In fact, just over half of respondents often experience information overload, while 58 per cent have checked for work messages in the first 15 minutes of them waking up in the morning. Almost 52 per cent have also done so within 15 minutes of going to bed to check up on work.The shocking statistic, however, is that 40 per cent of those using mobile feel under constant pressure to check it just in case they miss something important, and another 45 per cent feel pressured to respond immediately, no matter where they are or what they’re doing. According to an online YouGov poll, which surveyed more than 2,000 British office workers, of those that have experienced an information overload 33 per cent feel they are drowning in information, and 32 per cent say they can’t keep up with the volume of information. Some 30 per cent say information overload makes them feel like they’re constantly behind at work, with 39 per cent saying they feel they need to work longer hours to get their work done. Dave Coplin, Chief Envisioning Officer of Microsoft UK said: “We have a natural tendency to snack on information, which is turning us into a ‘head down’ generation of workers, with our faces constantly buried in technology. We’re gluttons for email, instant messages, videos, and status updates, which although can be valuable, the sheer volume of ‘high calorie’ information clogs up our headspace and impacts our concentration levels. “To regain control, individuals and businesses need to rethink how they use technology, break bad habits and change the role it plays in their lives in order to experience its full potential. To do so, we need to learn to use technology differently so that it enhances, rather than constrains, our work and productivity. We need to evolve our working habits and develop new skills so we can think about the things that really matter, and lean on technology to support us with processing information which it what’s it’s designed to do.” Coplin outlines in ‘The Rise of the Humans: How to Outsmart the Digital Deluge’ how individuals and businesses can survive and thrive in the digital age by taking advantage of the following:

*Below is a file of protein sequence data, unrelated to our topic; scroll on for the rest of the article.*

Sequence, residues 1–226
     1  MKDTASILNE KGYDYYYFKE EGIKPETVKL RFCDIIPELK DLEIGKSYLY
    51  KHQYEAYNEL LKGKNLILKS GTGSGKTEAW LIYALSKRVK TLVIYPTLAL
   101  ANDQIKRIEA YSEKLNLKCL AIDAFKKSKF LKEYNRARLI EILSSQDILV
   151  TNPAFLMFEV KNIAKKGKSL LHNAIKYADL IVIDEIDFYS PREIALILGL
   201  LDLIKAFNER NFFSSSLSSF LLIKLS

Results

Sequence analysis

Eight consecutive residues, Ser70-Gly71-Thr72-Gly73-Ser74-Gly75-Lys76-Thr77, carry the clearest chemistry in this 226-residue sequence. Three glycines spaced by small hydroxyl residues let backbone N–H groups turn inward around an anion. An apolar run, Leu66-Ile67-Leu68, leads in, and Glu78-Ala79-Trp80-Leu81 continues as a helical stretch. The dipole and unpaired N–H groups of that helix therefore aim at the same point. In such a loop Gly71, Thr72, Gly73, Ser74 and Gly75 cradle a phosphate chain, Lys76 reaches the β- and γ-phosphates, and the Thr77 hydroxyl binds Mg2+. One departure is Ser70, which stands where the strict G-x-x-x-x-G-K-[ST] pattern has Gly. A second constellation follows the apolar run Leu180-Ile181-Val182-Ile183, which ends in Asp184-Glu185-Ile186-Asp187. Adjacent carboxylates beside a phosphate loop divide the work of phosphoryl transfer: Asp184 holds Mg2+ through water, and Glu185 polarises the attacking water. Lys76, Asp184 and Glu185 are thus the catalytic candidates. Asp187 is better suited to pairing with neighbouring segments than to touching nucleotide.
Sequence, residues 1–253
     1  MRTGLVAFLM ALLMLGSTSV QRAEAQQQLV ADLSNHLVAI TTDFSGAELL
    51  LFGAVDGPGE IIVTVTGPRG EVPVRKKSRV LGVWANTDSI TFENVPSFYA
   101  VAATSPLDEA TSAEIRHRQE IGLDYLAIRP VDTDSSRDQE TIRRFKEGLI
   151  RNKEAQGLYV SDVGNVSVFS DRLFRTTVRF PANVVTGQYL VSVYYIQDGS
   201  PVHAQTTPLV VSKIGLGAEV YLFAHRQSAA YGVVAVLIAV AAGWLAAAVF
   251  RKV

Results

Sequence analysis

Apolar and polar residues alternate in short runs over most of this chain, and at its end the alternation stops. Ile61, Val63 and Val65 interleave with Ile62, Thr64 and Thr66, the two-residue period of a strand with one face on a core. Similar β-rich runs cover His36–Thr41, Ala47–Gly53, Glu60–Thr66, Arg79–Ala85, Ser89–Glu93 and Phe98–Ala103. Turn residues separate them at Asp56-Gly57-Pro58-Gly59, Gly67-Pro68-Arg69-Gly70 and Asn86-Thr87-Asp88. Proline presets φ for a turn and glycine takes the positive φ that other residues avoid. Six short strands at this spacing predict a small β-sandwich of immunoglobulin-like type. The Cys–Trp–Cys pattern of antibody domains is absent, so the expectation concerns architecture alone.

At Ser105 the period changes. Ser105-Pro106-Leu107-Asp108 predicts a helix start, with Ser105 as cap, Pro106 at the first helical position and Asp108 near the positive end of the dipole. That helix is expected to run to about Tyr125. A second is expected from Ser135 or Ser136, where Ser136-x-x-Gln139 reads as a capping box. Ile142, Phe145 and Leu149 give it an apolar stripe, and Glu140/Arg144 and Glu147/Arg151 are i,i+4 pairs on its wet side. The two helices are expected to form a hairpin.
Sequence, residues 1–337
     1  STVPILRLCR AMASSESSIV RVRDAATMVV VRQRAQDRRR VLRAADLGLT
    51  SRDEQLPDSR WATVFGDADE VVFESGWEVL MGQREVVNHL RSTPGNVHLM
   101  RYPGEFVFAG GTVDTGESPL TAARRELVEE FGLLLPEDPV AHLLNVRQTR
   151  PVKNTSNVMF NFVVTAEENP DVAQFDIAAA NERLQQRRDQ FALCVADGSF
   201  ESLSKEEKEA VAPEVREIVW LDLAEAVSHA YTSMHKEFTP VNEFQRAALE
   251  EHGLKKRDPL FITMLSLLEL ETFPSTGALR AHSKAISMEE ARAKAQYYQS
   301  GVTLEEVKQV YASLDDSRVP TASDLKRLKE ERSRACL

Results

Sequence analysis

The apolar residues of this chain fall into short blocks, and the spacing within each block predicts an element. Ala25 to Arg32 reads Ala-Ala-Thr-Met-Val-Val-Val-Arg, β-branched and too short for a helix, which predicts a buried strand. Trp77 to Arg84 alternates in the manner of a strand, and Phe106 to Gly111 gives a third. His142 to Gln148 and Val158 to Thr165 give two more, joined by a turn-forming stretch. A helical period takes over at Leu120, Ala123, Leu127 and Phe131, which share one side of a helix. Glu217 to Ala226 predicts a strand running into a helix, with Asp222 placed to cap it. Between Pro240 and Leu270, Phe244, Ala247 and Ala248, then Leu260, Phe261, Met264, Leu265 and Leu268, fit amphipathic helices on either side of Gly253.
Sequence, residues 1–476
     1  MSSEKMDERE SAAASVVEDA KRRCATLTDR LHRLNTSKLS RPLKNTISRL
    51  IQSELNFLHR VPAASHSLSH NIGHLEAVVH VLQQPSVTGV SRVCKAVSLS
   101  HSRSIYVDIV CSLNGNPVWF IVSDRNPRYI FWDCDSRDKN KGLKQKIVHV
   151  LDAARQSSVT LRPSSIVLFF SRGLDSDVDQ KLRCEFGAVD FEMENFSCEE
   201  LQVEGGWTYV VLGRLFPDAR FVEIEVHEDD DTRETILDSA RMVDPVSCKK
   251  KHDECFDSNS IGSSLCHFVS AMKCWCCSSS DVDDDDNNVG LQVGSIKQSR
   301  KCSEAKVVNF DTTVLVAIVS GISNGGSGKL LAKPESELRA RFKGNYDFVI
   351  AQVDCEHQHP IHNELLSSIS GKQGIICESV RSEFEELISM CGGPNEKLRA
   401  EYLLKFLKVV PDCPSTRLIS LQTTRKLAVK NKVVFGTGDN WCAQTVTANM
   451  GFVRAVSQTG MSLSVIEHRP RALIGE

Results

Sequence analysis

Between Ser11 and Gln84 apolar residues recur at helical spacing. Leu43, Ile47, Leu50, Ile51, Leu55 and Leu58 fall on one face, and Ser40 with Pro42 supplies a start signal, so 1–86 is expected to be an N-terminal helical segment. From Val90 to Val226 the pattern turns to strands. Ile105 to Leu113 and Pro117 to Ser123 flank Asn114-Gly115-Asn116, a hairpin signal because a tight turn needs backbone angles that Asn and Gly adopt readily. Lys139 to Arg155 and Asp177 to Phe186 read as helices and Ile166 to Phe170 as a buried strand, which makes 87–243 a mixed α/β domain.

Changing technology habits to harness informationPeople need to know when to switch off and “look up” to engage in the physical world, and know when to switch on and get immersed. Just switching off isn’t the answer. Smart workers know where technology can help, and where it can’t, and make conscious decisions about how and when they use it.
Multi-tasking mediocrityMulti-tasking has become a crucial coping mechanism to help people deal with information overload. However, organisations and individuals need to be mindful that the best focused, creative work comes from people who have both the mental and physical space to temporarily disconnect and harness their own “human capability”.
A new approach to productivityTechnology has been a transformational force enabling us to change what we do, whether at work or at play, for the better. The workplace of the future is going to change our concept of work considerably. As computers get more powerful, much of the work we do today may well be replaced by a world where robots and algorithms do most of the heavy lifting. But this future should not include humans becoming increasingly redundant thanks to technological advancement, instead it should be a world that sees the growing advancement of technological capability as a rising tide that lifts the capacity of human beings to achieve more.
Unboxing the inboxCompanies need to “unbox” their people and their data, empowering them by unleashing them from boundaries of their individual job descriptions and inboxes. This will help them to cut through the hierarchies and give them tools to make new discoveries by fostering a culture of constant innovation and iteration. By Shané Schutte
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